October 02, 2014

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Have you heard that big, bad Amazon is destroying the book industry? To be more accurate, they”€™re plowing the major publishers under: ah, nobility in tears. I”€™m not a fan of the sheer volume of garbage that’s being dumped out on Kindle myself, and the new landscape is a pain to navigate. But the old one was worse. Call me a philistine, but after decades of watching agents and editors push stuffy litfic at the public while good books die in the slush pile, I”€™m afraid that if Amazon mows them all down, I”€™ll have to respectfully spit on their graves.

Take Chris Hernandez, a military fiction author and journalist who draws on his experience as a cop and in the Army and Marines. I enjoy the solid tales he writes”€”but I”€™m fed up to the gills with path-to-publication stories like the one he’s lived.

Hernandez’s blog recently made a little splash with a neat officer’s-eye debunking of the insane “€œUnarmed teenager!”€ propaganda coming out of Ferguson, but his forte is the novel. His second book, Line in the Valley, made its hard copy debut a couple of weeks ago on a tiny imprint after a few months as an ebook. The style is realistic, the story speculative: before the U.S. drew down in Iraq and Afghanistan, the National Guard in the far southern states was stretched out”€”short on men, weapons, and armored vehicles. What fresh hells might have broken loose if a well-equipped enemy had attacked the border while we were ragged and thin?

“€œThe real problem was that his unromantic approach was unfit for the “€˜educated, upper-middle-class liberal women”€™ that the majors consider their audience.”€

The prose is simple, assonant, and thick with the chewy ethical dilemmas to which the moral morass of warfare is heir; the first few chapters, when the Guard troops are desperate for Marine support to arrive and don”€™t know who’s behind the brutal onslaught, are deeply unsettling. The following sections pile firefight on top of firefight, and the point of view is swapped among several main characters, but this civilian reader was never bored or confused as the logically seamless narration carried the action along.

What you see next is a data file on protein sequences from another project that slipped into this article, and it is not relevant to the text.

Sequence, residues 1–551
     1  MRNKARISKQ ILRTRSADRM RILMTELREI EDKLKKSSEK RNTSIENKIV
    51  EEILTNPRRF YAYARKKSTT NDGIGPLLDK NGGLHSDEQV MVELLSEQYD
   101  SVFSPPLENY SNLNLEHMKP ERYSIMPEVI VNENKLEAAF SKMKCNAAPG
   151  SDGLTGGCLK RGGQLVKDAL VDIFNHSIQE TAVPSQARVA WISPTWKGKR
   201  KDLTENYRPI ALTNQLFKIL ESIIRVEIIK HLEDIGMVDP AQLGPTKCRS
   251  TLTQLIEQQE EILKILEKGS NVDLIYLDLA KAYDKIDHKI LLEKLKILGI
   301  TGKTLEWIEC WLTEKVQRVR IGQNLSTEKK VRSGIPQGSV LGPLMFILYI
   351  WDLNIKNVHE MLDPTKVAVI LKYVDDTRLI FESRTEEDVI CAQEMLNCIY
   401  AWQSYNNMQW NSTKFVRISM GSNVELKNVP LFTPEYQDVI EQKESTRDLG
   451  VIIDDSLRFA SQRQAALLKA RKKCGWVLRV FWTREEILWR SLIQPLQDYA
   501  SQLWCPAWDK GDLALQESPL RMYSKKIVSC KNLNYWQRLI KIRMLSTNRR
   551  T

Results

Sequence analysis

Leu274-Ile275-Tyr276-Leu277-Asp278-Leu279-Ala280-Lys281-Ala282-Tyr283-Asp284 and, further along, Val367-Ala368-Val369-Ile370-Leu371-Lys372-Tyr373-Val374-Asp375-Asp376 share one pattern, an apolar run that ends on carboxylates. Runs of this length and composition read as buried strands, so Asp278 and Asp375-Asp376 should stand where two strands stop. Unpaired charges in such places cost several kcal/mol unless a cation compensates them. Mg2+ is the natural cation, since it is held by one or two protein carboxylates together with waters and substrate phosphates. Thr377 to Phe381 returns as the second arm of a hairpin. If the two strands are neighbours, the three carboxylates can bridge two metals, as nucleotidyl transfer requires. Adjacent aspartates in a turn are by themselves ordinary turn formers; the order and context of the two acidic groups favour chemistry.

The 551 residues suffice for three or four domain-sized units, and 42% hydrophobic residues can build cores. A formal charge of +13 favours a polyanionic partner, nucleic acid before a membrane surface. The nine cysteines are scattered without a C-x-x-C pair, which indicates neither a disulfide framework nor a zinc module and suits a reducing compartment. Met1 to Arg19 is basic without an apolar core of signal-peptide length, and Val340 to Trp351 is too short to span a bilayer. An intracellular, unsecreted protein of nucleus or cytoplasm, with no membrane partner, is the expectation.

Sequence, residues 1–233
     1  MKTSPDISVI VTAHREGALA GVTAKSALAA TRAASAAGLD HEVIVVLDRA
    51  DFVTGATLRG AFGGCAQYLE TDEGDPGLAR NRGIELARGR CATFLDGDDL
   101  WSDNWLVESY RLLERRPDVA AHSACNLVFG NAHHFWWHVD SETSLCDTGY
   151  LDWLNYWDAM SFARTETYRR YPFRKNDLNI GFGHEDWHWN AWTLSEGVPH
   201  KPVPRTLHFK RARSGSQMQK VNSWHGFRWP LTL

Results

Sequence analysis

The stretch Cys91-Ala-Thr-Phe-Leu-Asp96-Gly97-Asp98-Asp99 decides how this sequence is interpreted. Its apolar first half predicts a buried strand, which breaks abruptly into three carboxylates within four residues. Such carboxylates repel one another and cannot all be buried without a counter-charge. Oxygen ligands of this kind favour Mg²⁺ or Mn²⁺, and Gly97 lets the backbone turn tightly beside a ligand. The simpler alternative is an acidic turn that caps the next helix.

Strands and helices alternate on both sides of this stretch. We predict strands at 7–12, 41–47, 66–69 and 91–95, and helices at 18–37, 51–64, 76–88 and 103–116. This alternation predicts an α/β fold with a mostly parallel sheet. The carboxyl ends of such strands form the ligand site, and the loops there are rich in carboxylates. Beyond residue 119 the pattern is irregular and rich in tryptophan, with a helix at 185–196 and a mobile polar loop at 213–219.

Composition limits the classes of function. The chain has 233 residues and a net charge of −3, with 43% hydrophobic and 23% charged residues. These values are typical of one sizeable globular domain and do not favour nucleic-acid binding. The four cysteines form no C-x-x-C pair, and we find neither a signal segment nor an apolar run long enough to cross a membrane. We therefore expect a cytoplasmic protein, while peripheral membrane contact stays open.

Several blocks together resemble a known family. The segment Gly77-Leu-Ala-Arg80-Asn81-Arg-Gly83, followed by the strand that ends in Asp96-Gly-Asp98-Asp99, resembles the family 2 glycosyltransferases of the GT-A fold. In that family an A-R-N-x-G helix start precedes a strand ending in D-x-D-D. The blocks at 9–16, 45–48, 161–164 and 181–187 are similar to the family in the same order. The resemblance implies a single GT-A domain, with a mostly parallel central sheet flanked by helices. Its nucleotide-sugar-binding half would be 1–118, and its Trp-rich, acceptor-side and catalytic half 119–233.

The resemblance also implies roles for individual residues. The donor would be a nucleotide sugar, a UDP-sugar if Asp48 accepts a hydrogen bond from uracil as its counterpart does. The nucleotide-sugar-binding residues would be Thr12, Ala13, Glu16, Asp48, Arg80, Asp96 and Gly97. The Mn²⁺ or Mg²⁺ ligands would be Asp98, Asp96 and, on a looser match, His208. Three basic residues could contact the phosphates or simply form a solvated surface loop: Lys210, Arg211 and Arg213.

Unfortunately, Hernandez went through some serious soul-slaughtering to find a publisher, he says”€”and that’s coming from a guy who’s seen his friends killed on foreign soil.

“€œThe publishing industry is so insular and focused on such a specific audience that they aren”€™t interested in anything which doesn”€™t appeal to that audience,”€ Hernandez tells me.

When he began shopping his first book he knew it wasn”€™t perfect”€””€œI”€™m not Shakespeare”€”€”but it didn”€™t seem to matter how skillfully he wrote. The real problem, as a literary agent once confessed to him while drunk, was that his unromantic approach was unfit for the “€œeducated, upper-middle-class liberal women”€ that the majors consider their audience. This stereotypical New Yorker-reading lady has come to be the publishers”€™ only friend through their own self-fulfilling prophecy: they believe she’s the only person reading, they release books that cater slavishly to her tastes, and, indeed, she’s the only one who reads them.

Hernandez wasted years trying to find an agent. (The agent system is a lovely feature of the publishing structure that Amazon is so cruelly dismantling: big publishers won”€™t even consider a writer who’s not been vetted by one of these commission-based literary barnacles.) He gamely asked the agents who rejected him for advice, but he got the feeling their idea of “€œimprovement”€ was to make his stuff hew as close to a cash-cow formula as possible.

“€œLee Child‘s agent read an excerpt from Line and told me I don’t know how soldiers and cops really talk,”€ says Hernandez, a veteran cop of 20-plus years who toured as a soldier in Iraq and Afghanistan. (Child is a veteran British TV flunky.) “€œIf I wanted to know how they really talk I should read a Jack Reacher novel. I pretty much gave up on the mainstream publishing industry after that.”€

Over here in reality, the dialogue was the first thing about Hernandez’s writing that hooked me. The mysterious enemy is introduced almost entirely through terse, witty dialogue in an intelligence meeting; where movie and TV productions sometimes fail to create such a dreadful atmosphere with all the actors and effects and musical cues they have at their disposal, Hernandez carries it off with nothing but words. On a technical level, the military jargon and battle slang are unobtrusively translated every time they need to be. (But that’s just my opinion, I suppose, and I find publishing-speak to be gibberish in its entirety.)

In the end, Hernandez wound up finding his publisher through the bloody television, like a prole.


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